Just after the EU’s foreign policy chief Joseph Borrell urged Europe to "develop an appetite for power" to better chart its own independent course in solving various international crises impacting Europe, the EU has agreed to deploy warships in order to enforce a United Nations arms embargo on the war-torn country.
The EU has stressed, however, that this is not an extension of its prior controversial mission to rescue migrants and refugees in the Mediterranean:
Josep Borrell, the EU’s chief diplomat, announced that 27 foreign ministers had agreed to launch a new operation with naval ships, planes and satellites in order to enforce the UN arms embargo on Libya.
To counter objections that the operation could morph into a rescue mission, Borrell promised the ships would be withdrawn if they became “a pull factor” that encouraged people to attempt the risky crossing from Libya to Europe. This commitment helped lift opposition to the mission from Italy and Austria, whose governments had blocked an earlier compromise.
Going all the way back to the 2011 US-NATO intervention to topple Gaddafi, the north African country has existed in a state of anarchy with multiple governments and factions vying for control, and now Benghazi-based strongman Khalif Haftar is attempting to bring the country by force under his control in his bid to seize the capital.
This has set the stage for a major proxy war involving the UAE as the prime weapons supplier of Haftar, and Turkey as supplying weapons, drones, and even troops to the Tripoli Government of National Accord (GNA).
Russia has also reportedly supplied Haftar's army with mercenaries from the Wagner group.
The EU marine mission in the Mediterranean to monitor the arms embargo on Libya must, according to Russia, be coordinated with the UN Security Council, said Lavrov on Tuesday.— Ali Özkök (@Ozkok_A) February 18, 2020
Russia fears that the EU could increase pressure on Russia's support for Haftar in the future.
The fighting in Libya as well as the external arms supplies fueling both sides of the conflict has become so bad that the United Nations has called an arms embargo recently in place "a joke.”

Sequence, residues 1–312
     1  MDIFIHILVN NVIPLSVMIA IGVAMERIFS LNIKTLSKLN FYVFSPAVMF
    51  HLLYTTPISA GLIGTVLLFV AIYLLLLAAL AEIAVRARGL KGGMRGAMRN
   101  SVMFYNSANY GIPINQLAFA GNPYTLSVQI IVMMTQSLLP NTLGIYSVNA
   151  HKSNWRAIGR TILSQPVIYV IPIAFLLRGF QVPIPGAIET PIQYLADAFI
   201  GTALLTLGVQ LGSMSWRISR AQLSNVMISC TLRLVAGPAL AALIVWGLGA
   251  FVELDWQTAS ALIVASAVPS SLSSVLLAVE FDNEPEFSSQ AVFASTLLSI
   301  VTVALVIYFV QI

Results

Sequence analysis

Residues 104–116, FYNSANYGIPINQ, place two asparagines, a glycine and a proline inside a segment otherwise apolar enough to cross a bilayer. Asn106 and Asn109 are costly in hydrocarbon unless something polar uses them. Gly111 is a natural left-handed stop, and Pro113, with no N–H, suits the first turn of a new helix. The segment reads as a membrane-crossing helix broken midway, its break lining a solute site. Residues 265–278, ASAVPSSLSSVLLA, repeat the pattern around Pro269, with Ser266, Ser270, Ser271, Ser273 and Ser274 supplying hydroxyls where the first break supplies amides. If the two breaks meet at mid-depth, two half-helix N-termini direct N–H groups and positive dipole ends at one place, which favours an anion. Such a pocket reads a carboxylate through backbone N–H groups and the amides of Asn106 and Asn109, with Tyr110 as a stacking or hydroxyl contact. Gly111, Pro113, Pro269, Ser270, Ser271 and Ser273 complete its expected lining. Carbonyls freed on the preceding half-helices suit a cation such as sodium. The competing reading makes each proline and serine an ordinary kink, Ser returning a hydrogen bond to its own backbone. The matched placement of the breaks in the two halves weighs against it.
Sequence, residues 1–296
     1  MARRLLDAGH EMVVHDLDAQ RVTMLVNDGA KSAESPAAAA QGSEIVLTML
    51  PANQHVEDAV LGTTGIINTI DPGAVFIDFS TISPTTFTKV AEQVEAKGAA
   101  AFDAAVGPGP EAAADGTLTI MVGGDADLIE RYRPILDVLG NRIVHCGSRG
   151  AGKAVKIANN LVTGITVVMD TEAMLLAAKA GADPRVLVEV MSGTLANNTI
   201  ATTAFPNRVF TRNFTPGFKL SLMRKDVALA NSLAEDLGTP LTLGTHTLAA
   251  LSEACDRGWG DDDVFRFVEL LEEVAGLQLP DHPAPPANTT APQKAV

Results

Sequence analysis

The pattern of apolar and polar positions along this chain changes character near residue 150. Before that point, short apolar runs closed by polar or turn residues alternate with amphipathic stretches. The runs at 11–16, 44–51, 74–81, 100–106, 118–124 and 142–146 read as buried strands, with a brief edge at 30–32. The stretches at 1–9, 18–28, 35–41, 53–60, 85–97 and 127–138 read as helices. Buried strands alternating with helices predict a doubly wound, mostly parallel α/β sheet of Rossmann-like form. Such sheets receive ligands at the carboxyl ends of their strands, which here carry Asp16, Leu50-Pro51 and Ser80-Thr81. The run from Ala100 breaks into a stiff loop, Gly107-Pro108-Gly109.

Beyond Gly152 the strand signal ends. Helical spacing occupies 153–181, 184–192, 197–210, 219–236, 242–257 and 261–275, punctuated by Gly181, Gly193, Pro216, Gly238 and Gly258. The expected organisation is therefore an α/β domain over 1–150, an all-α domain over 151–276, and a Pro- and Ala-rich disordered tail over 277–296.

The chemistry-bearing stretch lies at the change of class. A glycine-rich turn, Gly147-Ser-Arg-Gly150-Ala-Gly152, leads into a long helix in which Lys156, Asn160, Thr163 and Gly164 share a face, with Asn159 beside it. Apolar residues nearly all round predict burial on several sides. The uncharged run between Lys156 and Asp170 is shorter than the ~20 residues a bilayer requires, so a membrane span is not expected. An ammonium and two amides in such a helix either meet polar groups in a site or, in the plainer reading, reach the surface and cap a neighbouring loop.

“The arms embargo has become a joke, we all really need to step up here,” U.N. Deputy Special Representative to Libya Stephanie Williams said days ago at an international security conference in Munich.
“It’s complicated because there are violations by land, sea and air, but it needs to be monitored and there needs to be accountability,” Williams added, and noted further that Libya has over the past multiple months of fighting been flooded with advanced weapons.
This newest EU operation appear's the bloc's attempt at a more muscular response in the wake of frustration over "not doing anything.”
Austria’s foreign minister, Alexander Schallenberg was quoted in The Guardian Tuesday as saying, “There is a basic consensus that we now want a military operation and not a humanitarian mission.”
The details of the new mission to block all arms going into Libya, dubbed Operation EU Active Surveillance, are as follows:
Ships under the new mission – to be known as Operation EU Active Surveillance – will patrol about 60 miles (100km) off the coast of Libya, an area of the Mediterranean that is the main route for weapons into the country.
An internal EU memo, released by the London-based civil liberties group Statewatch, underscores that the EU does not expect to be involved in rescuing people. “Naval assets can be deployed in the areas most relevant to the implementation of the arms embargo, in the eastern part of the area of operation or at least 100km off the Libyan coast, where chances to conduct rescue operations are lower,” it says.
It's widely believed that should 'mission creep' occur and the European military ships get pulled into a costly 'rescue mission' upon possibly encountering stuck migrant ships in the area, the whole operation will lose political backing and momentum.
There's also concern that the mere presence of EU ships will only serve to encourage more migrants to attempt the dangerous Mediterranean crossing.
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